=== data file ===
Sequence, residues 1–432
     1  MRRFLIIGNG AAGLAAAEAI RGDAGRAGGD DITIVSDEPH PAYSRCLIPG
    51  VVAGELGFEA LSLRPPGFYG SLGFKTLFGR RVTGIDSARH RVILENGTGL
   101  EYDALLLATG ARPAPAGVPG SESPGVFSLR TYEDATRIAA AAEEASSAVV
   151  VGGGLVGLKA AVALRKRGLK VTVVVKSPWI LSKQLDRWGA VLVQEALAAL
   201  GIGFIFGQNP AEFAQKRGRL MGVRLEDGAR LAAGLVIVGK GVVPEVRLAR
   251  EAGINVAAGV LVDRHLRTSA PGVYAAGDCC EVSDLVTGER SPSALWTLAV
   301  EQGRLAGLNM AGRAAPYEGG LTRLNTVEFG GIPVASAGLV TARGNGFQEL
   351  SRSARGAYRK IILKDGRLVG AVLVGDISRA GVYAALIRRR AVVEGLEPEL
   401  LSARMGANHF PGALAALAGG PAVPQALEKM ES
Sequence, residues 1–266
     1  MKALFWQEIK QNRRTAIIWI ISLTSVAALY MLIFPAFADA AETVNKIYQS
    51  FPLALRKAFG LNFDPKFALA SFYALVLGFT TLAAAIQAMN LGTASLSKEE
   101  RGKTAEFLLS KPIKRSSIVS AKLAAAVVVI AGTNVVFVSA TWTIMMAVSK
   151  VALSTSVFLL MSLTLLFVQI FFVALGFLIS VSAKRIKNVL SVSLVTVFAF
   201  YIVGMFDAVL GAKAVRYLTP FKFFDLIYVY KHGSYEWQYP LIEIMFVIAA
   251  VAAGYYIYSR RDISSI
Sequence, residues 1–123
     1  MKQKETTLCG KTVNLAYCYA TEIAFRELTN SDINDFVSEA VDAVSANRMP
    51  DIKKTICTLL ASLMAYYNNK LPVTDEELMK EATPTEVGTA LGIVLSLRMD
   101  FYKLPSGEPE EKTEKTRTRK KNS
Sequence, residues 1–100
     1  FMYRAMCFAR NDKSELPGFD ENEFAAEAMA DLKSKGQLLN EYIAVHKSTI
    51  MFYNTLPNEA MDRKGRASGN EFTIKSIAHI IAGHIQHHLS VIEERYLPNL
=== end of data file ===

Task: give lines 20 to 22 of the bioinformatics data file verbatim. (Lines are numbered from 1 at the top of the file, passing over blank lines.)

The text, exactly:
    51  DIKKTICTLL ASLMAYYNNK LPVTDEELMK EATPTEVGTA LGIVLSLRMD
   101  FYKLPSGEPE EKTEKTRTRK KNS
Sequence, residues 1–100